He’s The Tigers Ace (of TJ Surgery)

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Newsroom

If he said “no” to a third job, you wouldn’t fault him (well, probably just a little). As associate director of the Detroit Sports Medicine Fellowship at the Detroit Medical Center — as well having his own private practice — orthopedic surgeon Jeff Michaelson wasn’t begging for work.

Neither was the Huntington Woods resident, 41, looking for something to fill the idle time afforded to any married man with four kids at home.

But, when Michaelson was offered the opportunity to become associate team physician for the Detroit Tigers, he knew he had to take it; it was a dream come true (provided your dream growing up was to become an orthopedic surgeon).

“My wife is really terrific,” Michaelson says of his wife, Jodi, a gynecologist.. “She knew when I was asked that it was an opportunity that I couldn’t pass up, and we talked about it together — it was going to be a big time commitment and a lot of nights away.”

Geared up for the 2011 season that began at the end of March, Michaelson says balancing three jobs with his family life is often difficult, especially when he has to spend 30 games per season at Comerica Park.

“You’re there an hour before the game and as long as you have to be afterward,” he says. “But my kids definitely enjoy good tickets, and they like getting player parking when they go to the games.”

Through his sports medicine fellowship at the Cleveland Clinic, Michaelson already had some experience working with professional teams when he was offered the Tigers job.

To become the doctor for a team he grew up watching was something special. Yet, despite watching games at Tiger Stadium when he was growing up, Michaelson says he didn’t truly become a baseball fan until after he started working with the Tigers.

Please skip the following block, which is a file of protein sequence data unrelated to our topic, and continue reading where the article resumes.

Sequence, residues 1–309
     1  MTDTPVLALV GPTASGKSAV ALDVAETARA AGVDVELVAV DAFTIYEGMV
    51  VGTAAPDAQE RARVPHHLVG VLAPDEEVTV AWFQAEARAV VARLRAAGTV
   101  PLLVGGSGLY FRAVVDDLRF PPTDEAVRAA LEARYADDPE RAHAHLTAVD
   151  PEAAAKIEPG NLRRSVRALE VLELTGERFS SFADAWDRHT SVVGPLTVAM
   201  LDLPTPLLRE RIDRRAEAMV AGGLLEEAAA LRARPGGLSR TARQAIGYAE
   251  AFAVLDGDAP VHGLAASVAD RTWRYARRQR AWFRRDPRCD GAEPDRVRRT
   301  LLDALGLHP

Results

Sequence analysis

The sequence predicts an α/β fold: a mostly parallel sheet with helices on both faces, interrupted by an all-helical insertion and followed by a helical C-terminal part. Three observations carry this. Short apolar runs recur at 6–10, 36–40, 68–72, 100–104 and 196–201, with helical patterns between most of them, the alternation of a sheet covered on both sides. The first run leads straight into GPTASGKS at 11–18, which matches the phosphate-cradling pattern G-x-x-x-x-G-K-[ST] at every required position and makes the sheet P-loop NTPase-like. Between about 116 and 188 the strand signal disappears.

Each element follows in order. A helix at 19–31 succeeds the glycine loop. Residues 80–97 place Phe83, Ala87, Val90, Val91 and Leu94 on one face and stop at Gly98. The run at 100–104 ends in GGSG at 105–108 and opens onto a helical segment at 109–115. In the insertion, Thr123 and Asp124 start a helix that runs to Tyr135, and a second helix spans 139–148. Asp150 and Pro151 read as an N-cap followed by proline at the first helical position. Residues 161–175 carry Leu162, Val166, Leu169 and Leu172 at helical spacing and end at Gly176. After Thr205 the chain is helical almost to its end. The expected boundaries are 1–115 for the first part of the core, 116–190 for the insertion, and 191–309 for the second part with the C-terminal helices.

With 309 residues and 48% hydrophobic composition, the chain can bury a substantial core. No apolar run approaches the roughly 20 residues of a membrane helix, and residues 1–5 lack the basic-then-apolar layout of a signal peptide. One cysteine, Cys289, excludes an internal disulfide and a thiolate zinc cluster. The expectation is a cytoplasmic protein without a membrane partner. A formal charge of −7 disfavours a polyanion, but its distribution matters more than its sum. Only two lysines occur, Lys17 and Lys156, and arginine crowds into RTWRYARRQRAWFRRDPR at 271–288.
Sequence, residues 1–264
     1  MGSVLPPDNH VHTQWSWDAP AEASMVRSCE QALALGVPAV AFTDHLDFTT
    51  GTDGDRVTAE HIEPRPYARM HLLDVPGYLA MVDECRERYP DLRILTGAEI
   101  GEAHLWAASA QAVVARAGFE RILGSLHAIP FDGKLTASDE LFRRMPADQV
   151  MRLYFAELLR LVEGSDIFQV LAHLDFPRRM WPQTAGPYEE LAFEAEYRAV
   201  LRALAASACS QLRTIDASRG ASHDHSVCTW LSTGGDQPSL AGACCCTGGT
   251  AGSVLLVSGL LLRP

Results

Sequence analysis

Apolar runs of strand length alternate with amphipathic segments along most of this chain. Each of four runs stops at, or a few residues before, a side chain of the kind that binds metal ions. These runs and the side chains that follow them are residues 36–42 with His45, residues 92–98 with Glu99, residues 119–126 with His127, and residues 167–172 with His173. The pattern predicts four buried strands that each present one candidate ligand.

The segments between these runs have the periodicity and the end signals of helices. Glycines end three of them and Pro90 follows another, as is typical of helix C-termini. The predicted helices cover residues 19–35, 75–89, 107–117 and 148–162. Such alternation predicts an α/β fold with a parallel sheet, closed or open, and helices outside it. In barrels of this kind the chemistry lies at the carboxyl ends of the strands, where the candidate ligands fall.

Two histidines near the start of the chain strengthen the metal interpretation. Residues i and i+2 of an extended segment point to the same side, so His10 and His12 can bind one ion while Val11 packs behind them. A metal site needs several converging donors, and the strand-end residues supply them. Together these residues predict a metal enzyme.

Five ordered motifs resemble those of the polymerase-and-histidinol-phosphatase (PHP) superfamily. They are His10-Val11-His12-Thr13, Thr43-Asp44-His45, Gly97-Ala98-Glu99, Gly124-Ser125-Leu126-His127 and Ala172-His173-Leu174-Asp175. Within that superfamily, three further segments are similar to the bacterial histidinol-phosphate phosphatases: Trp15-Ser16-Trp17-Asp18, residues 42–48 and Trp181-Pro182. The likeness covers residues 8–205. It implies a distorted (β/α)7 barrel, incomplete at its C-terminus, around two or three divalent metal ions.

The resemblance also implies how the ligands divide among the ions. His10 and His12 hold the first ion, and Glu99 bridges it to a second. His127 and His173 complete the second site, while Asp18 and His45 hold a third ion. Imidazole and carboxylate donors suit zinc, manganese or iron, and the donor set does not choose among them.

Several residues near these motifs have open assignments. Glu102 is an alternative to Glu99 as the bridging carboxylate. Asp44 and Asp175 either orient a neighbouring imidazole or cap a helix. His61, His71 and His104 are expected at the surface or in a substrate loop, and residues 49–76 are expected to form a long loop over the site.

“I would watch the game, really, with amateur eyes,” he says. Now, “I sit and I watch the game so differently. I’m watching, trying to read their position. I’m looking at the speed; I’m looking at the variability. I’m looking at the kinds of pitches guys are throwing.”

Having just started his third regular season with the team, Michaelson says he feels a personal connection to the successes and failures of the players. One of his favorite aspects of the job is watching players he evaluated in the minor leagues come up through the ranks and achieve success.

And, while becoming the Tigers’ doctor has helped him to better appreciate baseball, learning the game has also helped him become a better a doctor, too.

“The pitching staff and coaches have taught me an amazing amount,” Michaelson says. “I take their knowledge in breaking down a player’s throwing style, and I can apply it to medicine.”

Yet, the good doctor says the most enjoyable part of the job is when he doesn’t have to practice medicine with the players — because it means everybody is healthy. Of course, during a 162-game season, players are bound to get injured. It’s the nature of the business.

Michaelson says telling a player bad news is no different from telling any other patient.

“Every time one of these guys gets hurt, you’re going to have to expect you’re going to take and make multiple calls to multiple people,” he says. “Talking to a player is just like talking to any patient — that’s easy … But having to go to the front office and tell them that Player X is out — it makes my heart sink. I get a little pit in my stomach.”

In fact, the first time he met Tigers owner Mike Ilitch was the 2010 season when he had tell the boss that a player was out for the season — not exactly ideal circumstances to introduce yourself to a man with championship aspirations.

It’s times like those when Michaelson might forget how lucky he is to have reached the pinnacle of his profession. But most days he can hardly believe he’s achieved his dream of working with a team he grew up watching.

“I still have to kind of pinch myself that I’m there,” he says.

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